WHAT IS REALLY GOING ON IN IRAQ?
24 December 2011
The recent tension in Baghdad between Nouri Al-Maliki’s Shiite Iraqi prime minister with both Iraqi president’s deputy Tariq Al-Hashimi, and his deputy for service affairs, Salih Mutlaq, which both are Sunnis is highly connected with the regional tension between Iran and Turkey on Syria, also the timing is connected. That’s despite Al-Maliki’s desire for power, and his autocratic approaches to wipe out his rivals one another.
As its obvious there are strong ties between Iran and Iraq’s ruling, Shiites, especially with the Prime Minister Nouri Al-Maliki which remained in power by a secret deal between Iran and United States. However, Al-Maliki is highly connected with the leaders in Iran regarding whatever he could do on Syrian case, as we have seen a delegation from Iraqi government arrived in Damascus to show Iraq’s support to Al-Asad’s Syria, even though Iraqi government announced they are trying to mediate that’s in one hand. On the other hand, Iraqi Sunnis have a strong tie with Turkey; Tariq Al-Hashimi, in particular, has a special relation with the leaders of Turkey’s AKP government, only this year he met with Turkish authorities many times. The recent tension between Iran and Turkey on Syria and NATO missile defense has certainly affected on the Iraqi leaders, especially Iran wants to move the center of attention from Syria to other friendly countries like Iraq.
The declaration of the Sunni cities of Salahadeen, Anbar, and later Dyala to become regions by the Saudi-Turkish support is another reason, as Shiites accuse such a step as a sectarian one that tries to divide the country. That led Muqtada Al-Sadr’s Mahdi militia to intervene in Dyala that around 20% of the province’s population is Shiites. Moreover, according to some sources, another possible scenario is linking part of the Sunni region with Jordan, specifically both cities of Anbar and Dyala. Whereas, Jordan’s King Abdullah arrived in London recently to discuss this possible scenario with the British officials, including British prime minister. According to the source, Britain is the spearhead of the scenario of linking part of the Iraq’s Sunni region with Jordan. While Mosul province which is dominated by the Iraqi parliament speaker’s Sunni leader, Asel Nujifi will become a federal region under Turkish supervision. Furthermore, Arabs will go out from Kirkuk, only Kurds and Turkmen will remain-[/wpcol_1half] [wpcol_1half_end id=”” class=”” style=””]
-there, and both Kurdistan and Turkey will share the oil revenues with giving Mosul province some of the revenue, as well.
Nouri Al-Maliki’s autocratic approaches also part of the tension. Paul Bremer defined Al-Maliki as the Saddam of Shiites. In the recent years, after his partial success in limiting violence Al-Maliki strengthened its hand over the government and security forces. Only one day-after United States’ official withdrawal from Iraq, Al-Maliki accused Tariq Al-Hashimi for being behind terrorist attacks in Iraq. In addition, today Nouri Al-Maliki officially dismissed Salih Mutlaq from his position as deputy prime minister because Mutlaq described Al-Maliki as a new dictator while described Saddam as a good dictator, in an interview with CNN . A close source from Tariq Al-Hashimi told me, Al-Hashimi also has strong evidence that proves Al-Maliki’s engagement in terrorist attacks, but he will keep it for now. Most of the politicians in Iraq, including Shiites believe that Al-Maliki is trying to erase his rivals, including his Shiite allies one day. Nevertheless, Al-Maliki denies this; he says the diverse Iraq with a wide range of parties in parliament won’t become dictatorship again. The days will, at the end, show how Al-Maliki’s desire for power will end the state called Iraq.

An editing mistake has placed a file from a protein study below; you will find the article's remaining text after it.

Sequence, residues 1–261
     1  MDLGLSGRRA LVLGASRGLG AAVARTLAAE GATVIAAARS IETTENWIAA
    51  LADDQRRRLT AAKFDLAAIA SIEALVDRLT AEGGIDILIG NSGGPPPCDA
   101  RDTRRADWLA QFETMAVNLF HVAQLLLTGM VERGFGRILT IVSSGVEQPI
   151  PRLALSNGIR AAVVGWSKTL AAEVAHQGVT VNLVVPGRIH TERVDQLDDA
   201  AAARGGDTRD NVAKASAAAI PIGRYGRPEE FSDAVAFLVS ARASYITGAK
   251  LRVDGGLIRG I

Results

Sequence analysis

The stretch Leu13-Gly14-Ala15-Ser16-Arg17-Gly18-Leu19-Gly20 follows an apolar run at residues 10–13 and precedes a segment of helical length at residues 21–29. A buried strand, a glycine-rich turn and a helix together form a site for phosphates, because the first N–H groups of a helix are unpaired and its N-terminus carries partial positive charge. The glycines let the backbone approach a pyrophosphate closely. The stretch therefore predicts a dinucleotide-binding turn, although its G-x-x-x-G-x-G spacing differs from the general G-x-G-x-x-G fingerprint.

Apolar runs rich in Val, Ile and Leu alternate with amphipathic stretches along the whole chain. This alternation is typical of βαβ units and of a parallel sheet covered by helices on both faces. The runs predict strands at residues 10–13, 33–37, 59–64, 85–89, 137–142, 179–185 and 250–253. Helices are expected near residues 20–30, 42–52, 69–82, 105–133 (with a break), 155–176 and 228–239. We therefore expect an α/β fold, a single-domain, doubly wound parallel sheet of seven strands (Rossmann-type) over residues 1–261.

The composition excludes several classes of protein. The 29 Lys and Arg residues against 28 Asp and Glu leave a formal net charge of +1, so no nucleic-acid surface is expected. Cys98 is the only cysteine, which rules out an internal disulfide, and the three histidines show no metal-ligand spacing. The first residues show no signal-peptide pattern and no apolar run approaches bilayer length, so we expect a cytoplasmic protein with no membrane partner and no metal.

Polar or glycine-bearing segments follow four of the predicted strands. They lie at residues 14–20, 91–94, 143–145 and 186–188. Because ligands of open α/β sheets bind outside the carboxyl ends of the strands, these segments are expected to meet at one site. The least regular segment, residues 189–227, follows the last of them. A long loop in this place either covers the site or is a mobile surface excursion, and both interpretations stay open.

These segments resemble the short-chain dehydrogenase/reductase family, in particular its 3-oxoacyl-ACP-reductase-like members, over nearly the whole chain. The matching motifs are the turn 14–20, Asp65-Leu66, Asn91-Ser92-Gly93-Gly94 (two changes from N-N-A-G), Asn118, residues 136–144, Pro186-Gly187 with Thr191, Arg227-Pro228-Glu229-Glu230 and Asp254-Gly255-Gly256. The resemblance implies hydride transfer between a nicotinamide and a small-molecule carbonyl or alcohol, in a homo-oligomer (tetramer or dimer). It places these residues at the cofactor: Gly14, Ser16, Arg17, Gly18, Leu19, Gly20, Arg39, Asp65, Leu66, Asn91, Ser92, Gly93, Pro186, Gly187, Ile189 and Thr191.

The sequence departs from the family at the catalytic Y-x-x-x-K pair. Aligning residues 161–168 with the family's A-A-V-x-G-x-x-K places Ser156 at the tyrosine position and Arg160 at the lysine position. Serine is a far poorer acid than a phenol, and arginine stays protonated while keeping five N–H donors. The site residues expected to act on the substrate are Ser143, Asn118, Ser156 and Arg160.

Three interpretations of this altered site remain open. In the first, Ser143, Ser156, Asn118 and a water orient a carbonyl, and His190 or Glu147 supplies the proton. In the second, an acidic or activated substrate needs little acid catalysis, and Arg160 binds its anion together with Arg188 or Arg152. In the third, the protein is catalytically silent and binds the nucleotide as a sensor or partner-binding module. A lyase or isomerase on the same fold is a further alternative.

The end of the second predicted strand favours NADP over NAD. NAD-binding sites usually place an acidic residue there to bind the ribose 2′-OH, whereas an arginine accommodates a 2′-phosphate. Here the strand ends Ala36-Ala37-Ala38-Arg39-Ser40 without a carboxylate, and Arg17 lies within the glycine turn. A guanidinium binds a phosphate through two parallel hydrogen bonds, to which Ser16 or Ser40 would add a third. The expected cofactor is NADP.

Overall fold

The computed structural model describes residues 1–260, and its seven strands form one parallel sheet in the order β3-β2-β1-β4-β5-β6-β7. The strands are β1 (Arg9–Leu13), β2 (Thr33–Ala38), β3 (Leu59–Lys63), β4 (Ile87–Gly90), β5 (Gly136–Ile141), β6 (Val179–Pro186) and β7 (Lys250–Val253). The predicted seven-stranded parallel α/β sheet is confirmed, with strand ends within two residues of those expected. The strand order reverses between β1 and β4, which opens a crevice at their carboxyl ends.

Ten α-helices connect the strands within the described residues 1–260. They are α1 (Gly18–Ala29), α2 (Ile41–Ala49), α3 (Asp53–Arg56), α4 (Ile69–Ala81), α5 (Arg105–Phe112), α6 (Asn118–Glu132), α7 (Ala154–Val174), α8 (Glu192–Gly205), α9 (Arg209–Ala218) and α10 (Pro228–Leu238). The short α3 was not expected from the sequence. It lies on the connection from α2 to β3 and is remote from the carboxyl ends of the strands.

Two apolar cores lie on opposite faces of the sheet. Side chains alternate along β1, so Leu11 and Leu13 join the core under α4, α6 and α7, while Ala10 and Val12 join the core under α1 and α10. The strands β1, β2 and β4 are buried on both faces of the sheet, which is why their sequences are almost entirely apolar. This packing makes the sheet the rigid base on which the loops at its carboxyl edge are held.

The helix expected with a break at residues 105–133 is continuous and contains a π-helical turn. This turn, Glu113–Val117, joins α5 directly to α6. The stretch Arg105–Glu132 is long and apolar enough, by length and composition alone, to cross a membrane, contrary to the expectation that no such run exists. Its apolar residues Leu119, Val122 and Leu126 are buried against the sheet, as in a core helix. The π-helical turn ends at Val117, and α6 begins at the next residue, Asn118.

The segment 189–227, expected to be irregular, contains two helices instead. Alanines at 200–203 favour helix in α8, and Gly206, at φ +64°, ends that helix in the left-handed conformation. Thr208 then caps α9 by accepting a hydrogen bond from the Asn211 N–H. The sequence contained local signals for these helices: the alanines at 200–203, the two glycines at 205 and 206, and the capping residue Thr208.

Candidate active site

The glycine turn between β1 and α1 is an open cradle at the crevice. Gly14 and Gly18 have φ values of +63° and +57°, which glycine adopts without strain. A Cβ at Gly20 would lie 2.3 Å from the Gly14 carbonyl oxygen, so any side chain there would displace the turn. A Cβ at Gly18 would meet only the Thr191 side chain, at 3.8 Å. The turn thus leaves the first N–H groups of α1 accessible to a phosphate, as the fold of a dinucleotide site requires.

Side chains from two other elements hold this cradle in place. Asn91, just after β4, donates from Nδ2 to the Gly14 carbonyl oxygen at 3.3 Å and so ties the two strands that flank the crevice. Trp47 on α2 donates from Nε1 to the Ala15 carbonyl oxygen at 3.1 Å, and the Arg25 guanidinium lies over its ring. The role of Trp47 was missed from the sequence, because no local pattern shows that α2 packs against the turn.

Kurds who try to show themselves as neutrals aren’t, in reality. Historically, Iraqi President Jalal Talabani’s Patriotic Union of Kurdistan has strong ties with Iran, which that clearly reflects in the many visits of Talabani to Iran. After the accusation of Al-Hashimi, he tried to meet with Talabani, but he refused. Paradoxically, the other Kurdish leader, Masoud Barzani the president of Kurdistan region met with Al-Hashimi, and refused to surrender him to the Iraqi authorities in Baghdad. Barzani has strong ties with Turkey, last year Turkey’s Recep Tayyip Erdogan paid a historic visit to Barzani’s stronghold, Kurdistan region’s capital, Arbil. Erdogan is the first Turkish high official ever has visited Kurdistan. The regional game even divides the Kurdish leaders in Iraq. The formula is obvious.
A radical political dilemma is looming in Iraq, the recent standoff is only the fore. However, this political game will lead either to a bloody internal war that the consequences unknown, or to a demise of a country called Iraq. Let’s see![/wpcol_1half_end]
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